Product, Price, Place, Promotion. The four ‘P’s of the marketing mix. And of course the fifth ‘P’, people (consumers).
But read any marketing magazine at the moment and you would think that at least one of these ‘P’s has been dumped.
Social media, data harvesting, CRM and the rest are, without doubt, all important parts of the mix. But we should never underestimate the importance of the first of the four ‘P’s – Product.
The implications of getting your product wrong (even if only slightly wrong) are immense. You can generate interest, enthusiasm and propensity to buy through all sorts of marketing tools, but if your product doesn’t live up to the promise the consumer won’t buy it again. You would be forgiven for thinking that this point is bleedin’ obvious, but so much effort is put into wooing consumers with the latest exciting marketing strategy that sometimes the product is forgotten.
What is also forgotten is that for many grocery brands the packaging is part of the product. I don’t buy Dr. Pepper because – despite the fact I love the taste – the shape of the bottle makes it overflow when you first open it. I don’t buy Covent Garden soup because it’s so difficult to open (even though they recently spent £2million on TV advertising trying to convince me!). On the other hand I buy Toilet Duck and Asda own brand cheddar because one reaches under the rim and the other comes in a re-sealable pack.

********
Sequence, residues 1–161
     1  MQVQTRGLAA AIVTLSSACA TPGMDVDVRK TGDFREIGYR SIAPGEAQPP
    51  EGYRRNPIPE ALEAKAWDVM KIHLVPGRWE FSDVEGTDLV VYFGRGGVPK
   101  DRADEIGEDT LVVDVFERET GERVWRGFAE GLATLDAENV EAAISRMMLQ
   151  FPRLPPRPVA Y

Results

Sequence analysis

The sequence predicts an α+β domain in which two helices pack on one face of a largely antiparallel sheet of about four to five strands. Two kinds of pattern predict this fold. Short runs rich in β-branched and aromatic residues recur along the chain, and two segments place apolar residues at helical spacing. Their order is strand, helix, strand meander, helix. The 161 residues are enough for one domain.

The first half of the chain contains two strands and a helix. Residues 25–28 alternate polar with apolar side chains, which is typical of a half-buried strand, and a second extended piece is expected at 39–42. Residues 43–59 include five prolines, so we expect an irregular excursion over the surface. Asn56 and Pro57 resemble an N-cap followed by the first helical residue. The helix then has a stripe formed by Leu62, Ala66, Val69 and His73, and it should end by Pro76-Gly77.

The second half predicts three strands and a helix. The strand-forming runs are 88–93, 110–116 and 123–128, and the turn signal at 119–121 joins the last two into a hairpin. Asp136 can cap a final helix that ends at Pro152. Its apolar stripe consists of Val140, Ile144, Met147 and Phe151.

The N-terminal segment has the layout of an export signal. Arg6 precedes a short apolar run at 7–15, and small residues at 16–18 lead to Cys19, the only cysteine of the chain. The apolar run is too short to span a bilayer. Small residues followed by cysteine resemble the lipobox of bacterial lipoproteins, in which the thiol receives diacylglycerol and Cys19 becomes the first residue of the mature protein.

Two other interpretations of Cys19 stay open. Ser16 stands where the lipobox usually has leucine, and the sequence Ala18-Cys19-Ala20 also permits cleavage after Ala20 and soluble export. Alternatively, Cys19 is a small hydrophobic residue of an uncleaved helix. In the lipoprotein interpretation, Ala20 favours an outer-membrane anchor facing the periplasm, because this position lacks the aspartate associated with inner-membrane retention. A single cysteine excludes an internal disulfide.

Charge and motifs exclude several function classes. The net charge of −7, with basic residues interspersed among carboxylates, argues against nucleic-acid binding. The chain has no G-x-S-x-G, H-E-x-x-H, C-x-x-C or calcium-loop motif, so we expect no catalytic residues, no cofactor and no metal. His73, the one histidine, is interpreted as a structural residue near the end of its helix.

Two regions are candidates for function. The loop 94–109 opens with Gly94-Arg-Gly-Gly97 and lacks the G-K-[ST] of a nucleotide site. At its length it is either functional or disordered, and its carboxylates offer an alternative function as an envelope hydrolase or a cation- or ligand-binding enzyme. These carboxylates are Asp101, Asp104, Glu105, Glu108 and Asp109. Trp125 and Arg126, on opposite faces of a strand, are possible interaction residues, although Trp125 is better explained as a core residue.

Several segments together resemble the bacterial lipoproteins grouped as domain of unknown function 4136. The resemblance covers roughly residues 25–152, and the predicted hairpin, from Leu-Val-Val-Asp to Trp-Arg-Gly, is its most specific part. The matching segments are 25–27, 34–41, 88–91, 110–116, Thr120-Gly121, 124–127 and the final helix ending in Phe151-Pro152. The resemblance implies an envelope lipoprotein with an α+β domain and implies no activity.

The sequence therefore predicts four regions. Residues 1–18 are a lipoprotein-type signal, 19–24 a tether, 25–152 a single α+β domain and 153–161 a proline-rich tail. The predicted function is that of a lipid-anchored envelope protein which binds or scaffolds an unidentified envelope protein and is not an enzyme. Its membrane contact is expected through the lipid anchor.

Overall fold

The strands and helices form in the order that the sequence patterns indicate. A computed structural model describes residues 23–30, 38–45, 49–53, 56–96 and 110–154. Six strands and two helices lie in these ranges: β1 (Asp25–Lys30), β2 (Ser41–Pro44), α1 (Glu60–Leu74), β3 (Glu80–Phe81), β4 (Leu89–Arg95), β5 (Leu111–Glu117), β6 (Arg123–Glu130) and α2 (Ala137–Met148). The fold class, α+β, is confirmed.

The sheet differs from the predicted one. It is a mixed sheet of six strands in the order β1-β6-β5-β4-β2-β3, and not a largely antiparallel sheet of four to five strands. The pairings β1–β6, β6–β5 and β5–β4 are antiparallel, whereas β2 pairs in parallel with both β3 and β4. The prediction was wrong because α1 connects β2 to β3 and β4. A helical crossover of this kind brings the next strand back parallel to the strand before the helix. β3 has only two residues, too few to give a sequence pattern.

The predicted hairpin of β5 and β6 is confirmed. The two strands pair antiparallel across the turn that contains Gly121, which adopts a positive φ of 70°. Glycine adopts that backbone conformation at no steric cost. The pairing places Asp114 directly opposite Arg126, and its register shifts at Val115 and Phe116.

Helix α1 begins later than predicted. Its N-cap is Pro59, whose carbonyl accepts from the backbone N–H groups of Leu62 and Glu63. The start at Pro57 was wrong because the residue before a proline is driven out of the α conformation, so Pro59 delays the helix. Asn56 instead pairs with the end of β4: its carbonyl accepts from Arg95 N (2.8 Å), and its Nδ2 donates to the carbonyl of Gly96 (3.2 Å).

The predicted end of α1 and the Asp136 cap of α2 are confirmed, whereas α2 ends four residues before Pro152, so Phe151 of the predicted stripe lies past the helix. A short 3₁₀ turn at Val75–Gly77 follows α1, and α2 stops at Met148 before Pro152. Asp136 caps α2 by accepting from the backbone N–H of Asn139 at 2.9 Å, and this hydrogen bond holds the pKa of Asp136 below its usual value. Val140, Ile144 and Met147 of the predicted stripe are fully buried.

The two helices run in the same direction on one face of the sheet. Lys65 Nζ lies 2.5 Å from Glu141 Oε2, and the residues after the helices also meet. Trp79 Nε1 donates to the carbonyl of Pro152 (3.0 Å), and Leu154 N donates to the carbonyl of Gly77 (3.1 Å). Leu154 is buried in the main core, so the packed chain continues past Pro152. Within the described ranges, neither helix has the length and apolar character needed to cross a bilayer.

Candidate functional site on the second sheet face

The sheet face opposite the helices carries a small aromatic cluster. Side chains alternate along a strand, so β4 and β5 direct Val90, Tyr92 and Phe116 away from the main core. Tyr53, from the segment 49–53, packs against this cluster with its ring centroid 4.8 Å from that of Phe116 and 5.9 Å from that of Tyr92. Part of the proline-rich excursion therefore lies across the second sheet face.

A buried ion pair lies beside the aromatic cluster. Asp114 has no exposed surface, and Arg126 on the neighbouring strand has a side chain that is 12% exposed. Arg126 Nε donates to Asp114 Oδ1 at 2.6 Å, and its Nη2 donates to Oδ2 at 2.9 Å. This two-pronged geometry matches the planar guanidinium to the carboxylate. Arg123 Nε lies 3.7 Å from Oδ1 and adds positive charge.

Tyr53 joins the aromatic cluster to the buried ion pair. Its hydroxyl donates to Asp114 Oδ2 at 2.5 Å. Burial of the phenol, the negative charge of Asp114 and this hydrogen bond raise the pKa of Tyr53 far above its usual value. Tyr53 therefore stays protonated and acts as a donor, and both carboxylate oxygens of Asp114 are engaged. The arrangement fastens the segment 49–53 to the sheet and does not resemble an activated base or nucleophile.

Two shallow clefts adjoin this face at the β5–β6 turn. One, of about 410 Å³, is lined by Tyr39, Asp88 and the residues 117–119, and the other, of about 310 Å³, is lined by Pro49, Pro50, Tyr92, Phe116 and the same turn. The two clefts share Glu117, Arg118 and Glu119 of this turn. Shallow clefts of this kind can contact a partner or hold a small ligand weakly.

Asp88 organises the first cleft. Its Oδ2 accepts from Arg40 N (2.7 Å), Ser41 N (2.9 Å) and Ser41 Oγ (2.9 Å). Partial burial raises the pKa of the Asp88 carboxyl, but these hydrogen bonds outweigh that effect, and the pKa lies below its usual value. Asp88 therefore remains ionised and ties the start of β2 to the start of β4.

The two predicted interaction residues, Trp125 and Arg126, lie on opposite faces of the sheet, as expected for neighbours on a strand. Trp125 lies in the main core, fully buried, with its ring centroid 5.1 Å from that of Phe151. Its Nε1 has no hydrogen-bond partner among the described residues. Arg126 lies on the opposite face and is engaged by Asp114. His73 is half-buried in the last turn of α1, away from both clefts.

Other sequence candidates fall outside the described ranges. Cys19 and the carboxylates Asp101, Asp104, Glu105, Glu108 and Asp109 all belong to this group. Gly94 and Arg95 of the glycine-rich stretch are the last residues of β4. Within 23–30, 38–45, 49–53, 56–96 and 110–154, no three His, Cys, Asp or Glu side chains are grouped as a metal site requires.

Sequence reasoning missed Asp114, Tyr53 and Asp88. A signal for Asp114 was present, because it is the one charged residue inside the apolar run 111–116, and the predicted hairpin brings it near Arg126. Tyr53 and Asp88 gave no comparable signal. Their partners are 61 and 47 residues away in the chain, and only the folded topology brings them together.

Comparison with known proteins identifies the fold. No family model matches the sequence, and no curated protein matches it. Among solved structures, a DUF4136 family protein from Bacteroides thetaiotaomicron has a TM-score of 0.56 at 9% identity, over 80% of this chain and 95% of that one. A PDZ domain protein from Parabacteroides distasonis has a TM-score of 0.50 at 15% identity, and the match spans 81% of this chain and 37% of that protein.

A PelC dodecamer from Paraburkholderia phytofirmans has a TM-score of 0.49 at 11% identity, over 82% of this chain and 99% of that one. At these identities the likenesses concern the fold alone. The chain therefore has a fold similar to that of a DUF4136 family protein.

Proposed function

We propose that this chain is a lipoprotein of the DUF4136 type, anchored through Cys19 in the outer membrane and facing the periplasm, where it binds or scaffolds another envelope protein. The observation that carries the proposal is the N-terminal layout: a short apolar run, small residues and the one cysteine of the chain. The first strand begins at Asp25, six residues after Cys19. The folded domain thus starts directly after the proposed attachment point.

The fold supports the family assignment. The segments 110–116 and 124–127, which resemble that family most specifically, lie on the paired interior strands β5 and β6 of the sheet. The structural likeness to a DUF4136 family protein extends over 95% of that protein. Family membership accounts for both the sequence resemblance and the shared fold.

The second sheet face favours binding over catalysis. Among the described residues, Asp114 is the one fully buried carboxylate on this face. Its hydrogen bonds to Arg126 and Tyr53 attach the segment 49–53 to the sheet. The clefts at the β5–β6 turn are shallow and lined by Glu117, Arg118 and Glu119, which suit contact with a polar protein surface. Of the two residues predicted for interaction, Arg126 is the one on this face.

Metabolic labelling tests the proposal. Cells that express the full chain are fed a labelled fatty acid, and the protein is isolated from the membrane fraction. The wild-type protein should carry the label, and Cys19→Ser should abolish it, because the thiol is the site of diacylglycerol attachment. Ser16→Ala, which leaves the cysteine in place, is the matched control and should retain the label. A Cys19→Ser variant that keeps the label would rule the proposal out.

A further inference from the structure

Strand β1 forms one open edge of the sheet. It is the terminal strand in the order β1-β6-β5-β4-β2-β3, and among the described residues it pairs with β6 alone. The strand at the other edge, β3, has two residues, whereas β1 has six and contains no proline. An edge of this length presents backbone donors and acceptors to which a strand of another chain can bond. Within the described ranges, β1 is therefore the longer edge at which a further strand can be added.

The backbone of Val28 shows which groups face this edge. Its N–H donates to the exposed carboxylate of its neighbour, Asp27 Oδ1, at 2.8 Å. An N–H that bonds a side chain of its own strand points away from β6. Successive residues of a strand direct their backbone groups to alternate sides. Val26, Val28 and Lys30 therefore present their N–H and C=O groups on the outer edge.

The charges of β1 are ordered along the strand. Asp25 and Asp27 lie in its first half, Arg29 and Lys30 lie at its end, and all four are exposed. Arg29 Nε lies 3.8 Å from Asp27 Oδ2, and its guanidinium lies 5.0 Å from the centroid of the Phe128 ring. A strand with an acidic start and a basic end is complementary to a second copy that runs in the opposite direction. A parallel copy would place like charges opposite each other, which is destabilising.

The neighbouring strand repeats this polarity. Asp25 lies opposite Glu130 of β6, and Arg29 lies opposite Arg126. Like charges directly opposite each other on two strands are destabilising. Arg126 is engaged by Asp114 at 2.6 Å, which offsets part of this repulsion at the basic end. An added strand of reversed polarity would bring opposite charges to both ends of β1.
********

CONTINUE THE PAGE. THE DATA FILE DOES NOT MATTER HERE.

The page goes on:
Unless you’ve been living under a stone for the last few years you will have noticed that there are huge changes going on in how consumers do their shopping. From deciding what to buy to choosing where to buy it, shopping habits are changing. Consumers are talking to each other like never before. Consumers are relying on other consumers for reviews and reassurance on brands like never before. It’s much easier for consumers to complain to all their contacts at once. So the product HAS to perform at every level.
Packaging design will continue to play a big role in the marketing mix despite all these changes. As more shopping is done on line the role of packaging will increase. The first time the consumer sees your brand in the flesh they will be in their own home, not in a supermarket aisle. The moment of truth will have moved. What an opportunity! Packaging will no longer have to have “shelf impact” but will have the opportunity to build a relationship with the consumer through graphics and structure in a more relaxed, softly softly way.
Technology will also play a big part as alternatives to bar codes and freshness indicators become mainstream. Edible packaging is just around the corner.
It’s not just the packaging design industry that should be very excited by these profound changes. Marketeers will also get excited as they recognise that packaging is the first point of tangible contact any packaged goods brand has with their consumer and that it is vital to get the signals right via graphics, structure and through retail channels. Ever emerging technologies, materials and manufacturing techniques are all playing a part in shaping this new packaging landscape, all playing a part in the new retail world and, most important, all playing a part in making profits.
We understand this evolving world, understanding that a packaging design service needs to incorporate all elements of the packaging supply chain, ensuring each area is optimised.
With all this in mind we have complimented the existing team by including packaging technologists, insight gathers and business professionals to ensure we keep our clients ahead of the curve in providing the most comprehensive packaging design resource possible. Packaging is not just a pretty face for your brand; it is so much more.
It comes down to this; I’m not advocating adding yet another ‘P’ to the ever increasing number of ‘P’s in the marketing mix. Because the packaging ‘P’ is such an integral part of a ‘P’ that must never be forgotten: Product.